Which Eye Drops To Use?

Whenever you walk into any pharmacy or outlet like Clicks, you would have noticed quite a large selection of over-the-counter (OTC) eye drops. This can be very confusing because there are other eye drops which you can only obtain with a doctors prescription.

When Are Eye Drops Needed?

The type of eye drop or ointment you will need depends on what eye condition you have, e.g. dryness, itching, swelling, redness, soreness, allergies or infection. Obviously, when you have an infection of if any of these symptoms are severe, it’s always best to consult your optometrist or ophthalmologist.

Eye Drops for Dry Eyes

Many ordinary OTC eye drops will provide relief for short-term dry eyes, where the eyes get dry when you are tired or spending a lot of time in front of the computer or doing lots of reading. Other causes of temporary dryness include being outside in windy and sunny conditions, on a long flight or if you don’t drink enough water.

Always avoid decongestant eye drops. These are drops that give relief to red eyes. These drops take the redness away but also cause dry eyes. I normally recommend Refresh Tears, Systane or Optive. These can also be used with contact lenses.

Long-term dryness can occur with aging (especially in women), certain medications like diuretics and antidepressants and some auto immune diseases like Sjogrens syndrome. For long-term dry eyes, a gel or ointment may be needed. Refresh liquigel or Celluvisc normally work quite well. Some gels can cause blurring of vision for a few minutes and you may want to use them at night while sleeping.

If OTC drops don’t help, you will need to see your optometrist for dry eye testing and additional treatment.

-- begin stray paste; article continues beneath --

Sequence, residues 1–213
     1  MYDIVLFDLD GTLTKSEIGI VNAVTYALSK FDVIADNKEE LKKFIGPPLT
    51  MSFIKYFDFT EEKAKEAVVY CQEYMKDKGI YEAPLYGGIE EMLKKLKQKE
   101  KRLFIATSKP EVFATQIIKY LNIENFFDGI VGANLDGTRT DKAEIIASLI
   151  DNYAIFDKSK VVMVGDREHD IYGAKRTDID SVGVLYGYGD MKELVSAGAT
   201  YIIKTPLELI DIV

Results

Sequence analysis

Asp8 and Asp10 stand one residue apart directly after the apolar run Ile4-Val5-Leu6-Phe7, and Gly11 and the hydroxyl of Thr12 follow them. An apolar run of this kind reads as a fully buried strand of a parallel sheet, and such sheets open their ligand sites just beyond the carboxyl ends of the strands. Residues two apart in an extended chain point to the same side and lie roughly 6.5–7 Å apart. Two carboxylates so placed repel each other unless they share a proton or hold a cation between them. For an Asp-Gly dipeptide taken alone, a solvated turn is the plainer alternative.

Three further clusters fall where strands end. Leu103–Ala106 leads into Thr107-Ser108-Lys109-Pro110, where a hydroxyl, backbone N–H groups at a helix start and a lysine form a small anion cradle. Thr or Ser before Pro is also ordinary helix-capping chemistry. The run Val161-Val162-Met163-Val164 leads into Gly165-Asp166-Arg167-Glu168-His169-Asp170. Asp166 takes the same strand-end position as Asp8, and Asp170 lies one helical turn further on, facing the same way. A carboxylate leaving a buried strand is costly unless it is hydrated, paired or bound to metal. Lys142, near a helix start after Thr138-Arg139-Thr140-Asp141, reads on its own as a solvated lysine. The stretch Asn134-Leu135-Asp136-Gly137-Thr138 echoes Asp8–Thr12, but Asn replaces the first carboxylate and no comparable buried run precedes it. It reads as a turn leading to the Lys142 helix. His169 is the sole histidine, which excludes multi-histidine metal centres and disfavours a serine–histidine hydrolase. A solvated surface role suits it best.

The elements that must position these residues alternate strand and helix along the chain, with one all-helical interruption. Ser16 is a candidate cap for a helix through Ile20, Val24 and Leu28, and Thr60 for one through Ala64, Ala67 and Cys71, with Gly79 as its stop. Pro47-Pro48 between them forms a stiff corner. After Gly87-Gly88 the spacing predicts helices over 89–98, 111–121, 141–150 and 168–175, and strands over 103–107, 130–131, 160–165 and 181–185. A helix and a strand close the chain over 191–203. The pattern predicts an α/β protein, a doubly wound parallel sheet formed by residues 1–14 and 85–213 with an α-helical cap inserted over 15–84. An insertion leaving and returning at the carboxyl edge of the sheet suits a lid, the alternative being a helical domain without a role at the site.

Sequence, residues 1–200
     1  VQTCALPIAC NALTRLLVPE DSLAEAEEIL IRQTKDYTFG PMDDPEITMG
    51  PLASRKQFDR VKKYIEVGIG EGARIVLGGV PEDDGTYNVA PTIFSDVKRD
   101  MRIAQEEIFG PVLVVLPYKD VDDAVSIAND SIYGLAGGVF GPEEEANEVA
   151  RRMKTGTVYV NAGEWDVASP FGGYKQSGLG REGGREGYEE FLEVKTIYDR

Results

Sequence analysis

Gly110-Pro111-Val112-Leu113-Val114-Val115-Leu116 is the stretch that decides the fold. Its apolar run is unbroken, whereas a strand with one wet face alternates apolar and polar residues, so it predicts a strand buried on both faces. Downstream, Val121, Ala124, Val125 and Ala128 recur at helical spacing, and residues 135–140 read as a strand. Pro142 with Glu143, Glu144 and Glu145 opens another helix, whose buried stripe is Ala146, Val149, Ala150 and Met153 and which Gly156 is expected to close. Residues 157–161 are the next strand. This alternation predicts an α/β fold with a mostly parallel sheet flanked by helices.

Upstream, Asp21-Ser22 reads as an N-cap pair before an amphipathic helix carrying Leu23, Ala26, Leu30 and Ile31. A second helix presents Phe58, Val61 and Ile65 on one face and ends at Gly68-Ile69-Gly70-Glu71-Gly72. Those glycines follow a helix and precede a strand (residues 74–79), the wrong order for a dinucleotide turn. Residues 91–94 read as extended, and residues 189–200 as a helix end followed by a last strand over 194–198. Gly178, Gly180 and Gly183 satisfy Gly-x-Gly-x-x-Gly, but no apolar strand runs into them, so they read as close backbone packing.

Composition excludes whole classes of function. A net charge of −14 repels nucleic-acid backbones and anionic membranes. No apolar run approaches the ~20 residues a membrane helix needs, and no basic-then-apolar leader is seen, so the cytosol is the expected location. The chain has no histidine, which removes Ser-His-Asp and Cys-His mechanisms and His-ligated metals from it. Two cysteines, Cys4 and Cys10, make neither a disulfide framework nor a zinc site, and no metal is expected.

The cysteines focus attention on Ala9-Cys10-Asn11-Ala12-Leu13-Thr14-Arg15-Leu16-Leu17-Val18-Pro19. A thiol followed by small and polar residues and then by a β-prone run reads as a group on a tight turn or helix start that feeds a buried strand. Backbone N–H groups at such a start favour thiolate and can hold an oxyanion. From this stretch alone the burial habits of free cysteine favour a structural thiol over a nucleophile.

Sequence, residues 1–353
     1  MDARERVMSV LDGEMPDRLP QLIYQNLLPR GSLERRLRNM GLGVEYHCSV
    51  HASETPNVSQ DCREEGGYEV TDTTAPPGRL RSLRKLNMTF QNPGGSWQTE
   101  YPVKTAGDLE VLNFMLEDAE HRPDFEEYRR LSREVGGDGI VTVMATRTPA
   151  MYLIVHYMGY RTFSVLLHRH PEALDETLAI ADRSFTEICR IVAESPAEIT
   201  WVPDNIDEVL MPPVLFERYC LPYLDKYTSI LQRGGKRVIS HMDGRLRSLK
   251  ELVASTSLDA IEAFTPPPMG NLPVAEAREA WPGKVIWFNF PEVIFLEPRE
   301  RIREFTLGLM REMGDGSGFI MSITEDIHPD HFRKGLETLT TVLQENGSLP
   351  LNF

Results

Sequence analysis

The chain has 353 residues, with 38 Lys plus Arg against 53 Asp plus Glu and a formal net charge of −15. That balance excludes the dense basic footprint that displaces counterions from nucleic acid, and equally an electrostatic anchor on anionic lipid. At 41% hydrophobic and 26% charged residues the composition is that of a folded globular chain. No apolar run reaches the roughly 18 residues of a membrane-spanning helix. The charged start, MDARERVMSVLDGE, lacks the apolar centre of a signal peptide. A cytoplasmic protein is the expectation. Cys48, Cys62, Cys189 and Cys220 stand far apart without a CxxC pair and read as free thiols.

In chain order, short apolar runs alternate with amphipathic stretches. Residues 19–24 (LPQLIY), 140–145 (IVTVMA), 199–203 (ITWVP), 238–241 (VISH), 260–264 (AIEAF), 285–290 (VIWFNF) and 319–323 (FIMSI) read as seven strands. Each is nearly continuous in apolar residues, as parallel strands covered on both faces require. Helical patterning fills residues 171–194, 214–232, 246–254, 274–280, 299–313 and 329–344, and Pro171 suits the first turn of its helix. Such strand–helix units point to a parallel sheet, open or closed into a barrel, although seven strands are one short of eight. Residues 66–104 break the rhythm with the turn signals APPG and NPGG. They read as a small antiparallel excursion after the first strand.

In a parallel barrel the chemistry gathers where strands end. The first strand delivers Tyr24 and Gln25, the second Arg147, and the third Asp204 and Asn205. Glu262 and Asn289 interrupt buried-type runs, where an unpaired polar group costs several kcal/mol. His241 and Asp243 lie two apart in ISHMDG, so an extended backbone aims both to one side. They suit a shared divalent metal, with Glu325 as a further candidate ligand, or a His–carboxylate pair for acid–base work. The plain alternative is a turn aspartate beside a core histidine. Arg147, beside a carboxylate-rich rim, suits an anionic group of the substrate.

Eye Drops for Redness

Red eyes can be caused by dryness, allergies, infections, tiredness or a combination of these. Before you use drops for red eyes (decongestants), you should consult your optometrist to determine the underlying cause. Decongestants shrink the blood vessels of the sclera and make the eyes appear whiter. But they mask the cause of the redness. They also cause dryness and irritation if used too often. Also, your eyes may become dependant on them to stay white and clear, forcing you to use them more and more.

If your eyes are red due to dryness or tiredness, I suggest you try a non-preservative OTC lubricating eye drop for relief.

Eye Drops for Allergies and Itching

Itchy eyes are almost always a symptom of an allergy.  This will require specific types of eye drops. Sometimes allergies can cause other symptoms like swelling, redness, watery eyes and puffy eyes, for which OTC drops can help.

Allergy symptoms can result from change in season (spring time), or if you are exposed to something you are allergic to. This causes the release of histamines which makes your eyes red, irritated, puffy and sore. And this is made worse by rubbing your eyes. There are various OTC antihistamine eye drops available that treat itching due to allergies by reducing the histamine in the eye tissues. For severe itching that does not improve with OTC treatments, it is best to see your optometrist or ophthalmologist for prescription drops or oral medications.

Eye Drops for Pain, Swelling or Discharge

For any type of eye pain, it is vital to see your optometrist or ophthalmologist first, to determine the underlying cause.

Usually, eyes become sore because they are dry, strained, tired or just overworked. Rubbing your eyes initially feels good, but they will feel worse after a while. A comprehensive eye examination will determine if the soreness is due to a focusing problem related to shortsightedness, farsightedness, astigmatism or presbyopia.

Dry eyes are another common cause of eye pain, which is relieved with lubricating eye drops. These drops may also help with certain types of discharge.

However, thick yellowish discharge caused by eye infections may require a prescription for antibiotic eye drops.

Eye Drops for “Pink Eye” Infections

The common infections most people get are called “pink eye”. Pink eye or conjunctivitis can either be bacterial, viral or allergic. (See article on pink eye.)

If you are using eye drops for eye infections it is important never to touch the tip of the bottle onto your eye. This will contaminate the bottle and spread the infection.

Using the appropriate OTC eye drops can be cheaper and quicker than a visit to your optometrist or ophthalmologist. But rather get them involved instead of being your own doctor. If you are going to gamble, don’t do it with your eyes.

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